Paracas Bay teems with rich marine life, birds and sea animals. Three of the six varieties of flamingos are found in Peru while Paracas in particular is home to the Common Flamingo. Four of the world’s seven sea turtles live here, besides otters and the endangered Humboldt penguin. “It’s one of the 17 varieties of penguins that live in Peru and Chile”, Ronald rattled on. The Paracas Natural Reserve is unique because it’s the only one that protects the ocean and the desert landscape. In 10 minutes we were face to face with what looked like a sand dune mountain with a gigantic cactus-like candlestand on it. This was the Paracas Candelabro.

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The ancient Pre-Incan Paracas culture existed around 600BC-600AD. Excavations at the Paracas Cavernas and Necropolis, the 2500-year-old mass burial clusters revealed mindboggling and morbid truths. Known for their exquisite pottery and tradition of mummifying the dead with delicate handwoven textiles using alpaca wool, the Paracas were among the earliest people of the world to experiment with trepanation, a form of brain surgery!

Trepanation involved drilling holes into the brain and covering it with a gold plate or deforming and elongating the brain as a form of medical treatment besides religious rites and ceremonies. “They couldn’t give Pisco to knock out their patients,” Ronald quipped “so they used hallucinogenic herbs, coca and a unique native Andean cactus to anaesthetise them. It is believed that the Candelabro design that faces the sky represents the San Pedro Cactus (named after Saint Peter who holds the keys to heaven) used in trepanation.”

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Another theory is that 17th century pirates, sailors and cartographers regarded the Candelabro as a navigational tool since it pointed south. Others believe they were created by aliens. But it is possible to create these designs, Ronald mused, “using scales, sticks and chords”. Documentaries like Ancient Aliens by Erich von Daniken spin fascinating theories about the possibility of ancient astronauts and extraterrestrial interventions. But Maria Reiche Newman, considered the Guardian of the Nazca Lines researched the Candelabro for six months and proposed that it was a representation of the Southern Cross constellation visible in this region.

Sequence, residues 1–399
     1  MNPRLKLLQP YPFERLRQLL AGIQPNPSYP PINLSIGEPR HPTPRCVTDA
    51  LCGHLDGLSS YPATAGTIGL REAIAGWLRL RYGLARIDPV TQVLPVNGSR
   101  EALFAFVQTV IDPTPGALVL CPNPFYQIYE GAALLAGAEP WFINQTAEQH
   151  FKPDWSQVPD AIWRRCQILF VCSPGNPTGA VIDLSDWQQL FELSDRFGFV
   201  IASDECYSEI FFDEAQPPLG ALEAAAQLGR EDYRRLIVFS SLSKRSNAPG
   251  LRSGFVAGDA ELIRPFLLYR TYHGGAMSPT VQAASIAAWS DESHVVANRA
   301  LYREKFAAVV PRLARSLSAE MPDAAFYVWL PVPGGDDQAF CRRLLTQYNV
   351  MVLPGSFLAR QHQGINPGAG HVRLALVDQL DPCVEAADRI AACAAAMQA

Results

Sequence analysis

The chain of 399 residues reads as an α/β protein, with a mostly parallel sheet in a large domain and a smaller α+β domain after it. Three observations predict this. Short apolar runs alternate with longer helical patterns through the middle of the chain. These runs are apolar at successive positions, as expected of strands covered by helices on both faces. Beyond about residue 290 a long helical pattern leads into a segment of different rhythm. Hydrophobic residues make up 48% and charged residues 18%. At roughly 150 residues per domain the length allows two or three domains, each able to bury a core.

Much older than the Nazca Lines, the Candelabro is closely linked to the Independence Age. When General José de San Martin landed here on 8 Sep 1820 with 4000 soldiers to liberate Peru from the Spanish Empire, the first headquarters of the Independence Army was in Pisco nearby. As he rested under a palm tree by Paracas Bay, he awoke from a dream to see flamingos in the sky and decided to put its colours – red and white on the Peruvian flag.

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This prehistoric geoglyph on the dune’s north face has been so well preserved due to the peculiar climatic conditions of Paracas. The cold Humboldt Ocean current that Peru shares with Chile ensures a lush marine life full of seaweed, plankton, fish and penguins. Because of the irregular water cycle, the water remains cold. There is no evaporation and no condensation so no rain. Only half an hour drizzle in the entire year. The wind blows sand from the desert from south to north…from behind the figure, thus ensuring that sand passes over it! Paracas literally means “rain of sand” in Quechua.

We continued to the triad of Ballestas Islands (Southern, Central and Northern). The picturesque cliffs with caves, arches and rugged rock shaped by wind and water were awash with curdled bird droppings. We circled closer and the panoramic cliffs seemed to pulsate with life. Against a soundscape of lashing waves, fluttering wings and myriad bird calls was the unstoppable dance of feeding, flying, feather-cleaning, fighting and fondling. I had never seen such a swarm of winged creatures in one place. The sky was patterned by avian constellations.

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Thousands of Guanay Cormorants, worshipped in these parts, blackened the entire cliff side. Guanay is the Spanish word for guano. “This is the no. 1 poopmaker, 90% of guano is from them,” Ronald cried over the din. In the 19th century, this natural fertilizer triggered a flourishing economy and became a popular Peruvian export to France and England who literally spent “shitloads of money”.

Giving the Guanay Cormorants company were flocks of large-billed Pelicans, Red-legged Cormorants, Neotropic Cormorants, rare Oyestercatchers, Inca terns, besides nesting Peruvian Boobies, another guano producer. Apparently they are called ‘booby’ because of their dummy gait! I spotted a rookery of Humboldt Penguins camouflaged against the dappled landscape. They were shockingly small but waddled down like old heavy-bosomed matrons. Anticipating our exit, they dawdled before diving into the fish-filled waters for breakfast.